Sometimes the Facts Matter: A Case For Information Slides in British Parliamentary Debating

Shengwu Li
Share this article

In response to Steve Llano’s article, this piece advocates in favour of Information Slides and their use at tournaments.

Debate-land is the most boring country on Earth.  It is a generic Western Liberal Democracy, where everything exists in moderation – from taxation, to social services, to ethnic divides. The only facts in Debate-land are those known by undergraduates, typically from liberal arts degrees.

If we want debating to be about real issues, and not purely set in Debate-land, then adjudication teams should sometimes provide information slides.  They should do so in moderation, taking care to be concise. In particular, they should avoid heavy-handed information slides that suggest the use of particular arguments.

One virtue of parliamentary debating is that it affords opportunities to address important real-world issues.  That is not to say that every debate should be about the real world, or that motions should be constrained by what mainstream parties would regard as politically feasible.  But we are not indifferent between a World Universities Debating Championships set in the real world, and an equivalent Championships set in the world of Aaron Sorkin’s The West Wing – even if debaters exhibit great familiarity with the latter.

Because debates should often address real-world issues, sometimes the facts matter.  Debating is not a pure process of creative play, where debaters freely invent arguments without any reference to the facts.  For instance, in a debate about UN involvement in nuclear disarmament, it is not persuasive to argue that nuclear weapons do not exist, or that the UN is a conspiracy controlled by space aliens.  We exclude these claims by asking judges to apply the standard of knowledge available to a well-informed layperson.  A concise and well-written information slide simply extends this precedent.  It adds, to the vast list of common-sense facts that judges already use to assess the plausibility of claims, just one more fact: the contents of the information slide.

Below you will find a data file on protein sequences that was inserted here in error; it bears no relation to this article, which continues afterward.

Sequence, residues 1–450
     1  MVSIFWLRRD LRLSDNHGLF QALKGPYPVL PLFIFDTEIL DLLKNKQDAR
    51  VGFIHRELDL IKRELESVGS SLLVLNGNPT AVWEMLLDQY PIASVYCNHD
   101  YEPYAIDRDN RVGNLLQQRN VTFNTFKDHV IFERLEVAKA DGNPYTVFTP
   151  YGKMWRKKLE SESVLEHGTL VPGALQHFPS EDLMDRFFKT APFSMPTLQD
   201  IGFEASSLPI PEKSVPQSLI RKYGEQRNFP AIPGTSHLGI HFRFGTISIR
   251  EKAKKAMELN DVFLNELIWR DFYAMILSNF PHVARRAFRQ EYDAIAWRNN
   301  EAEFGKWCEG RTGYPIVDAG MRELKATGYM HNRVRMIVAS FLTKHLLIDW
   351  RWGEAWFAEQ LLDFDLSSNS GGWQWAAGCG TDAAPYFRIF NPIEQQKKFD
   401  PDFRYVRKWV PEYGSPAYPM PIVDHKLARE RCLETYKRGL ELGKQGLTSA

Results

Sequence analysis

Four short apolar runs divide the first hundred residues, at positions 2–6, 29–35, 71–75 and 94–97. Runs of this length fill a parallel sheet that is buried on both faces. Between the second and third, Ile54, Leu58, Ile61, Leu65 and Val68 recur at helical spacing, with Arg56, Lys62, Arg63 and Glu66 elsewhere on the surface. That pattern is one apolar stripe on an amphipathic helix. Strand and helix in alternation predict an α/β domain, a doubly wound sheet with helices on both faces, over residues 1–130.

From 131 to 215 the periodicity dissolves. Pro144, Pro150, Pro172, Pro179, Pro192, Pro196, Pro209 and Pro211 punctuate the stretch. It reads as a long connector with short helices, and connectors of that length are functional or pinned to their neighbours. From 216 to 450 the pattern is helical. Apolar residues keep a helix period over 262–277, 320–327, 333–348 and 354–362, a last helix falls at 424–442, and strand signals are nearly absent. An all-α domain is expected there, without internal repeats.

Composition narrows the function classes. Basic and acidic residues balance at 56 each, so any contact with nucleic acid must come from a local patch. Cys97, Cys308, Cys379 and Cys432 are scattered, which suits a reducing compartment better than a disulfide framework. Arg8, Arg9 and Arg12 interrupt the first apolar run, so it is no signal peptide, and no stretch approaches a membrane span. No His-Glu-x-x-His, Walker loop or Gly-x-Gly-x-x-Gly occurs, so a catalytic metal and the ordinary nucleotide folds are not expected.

Some debates can be argued well without requiring knowledge beyond that of most intelligent undergraduates – for instance, This House Would Make Voting Compulsory.  Other debates require more knowledge than can be conveyed in an information slide – for instance, This House Believes That Central Banks Should Not Use Dynamic Stochastic General Equilibrium Models.  But there exists a substantial category of debates that could be argued well, if all the participants were made aware of a small number of additional basic facts.

For instance, it would have been difficult in 2003 to have an intelligent debate about drone warfare, unless participants were informed that combat drones are typically remote-controlled military aircraft equipped with air-to-ground weapons.  Similarly, to effectively discuss the merits of expanding NATO membership in Eastern Europe, participants need to be aware of NATO’s ‘Article 5’ treaty obligations, which invoke a duty to collective self-defence.   There are a large number of topics where a little bit of information makes it possible for non-specialists to have an interesting debate that is grounded in reality.  These debates are improved by the judicious use of information slides.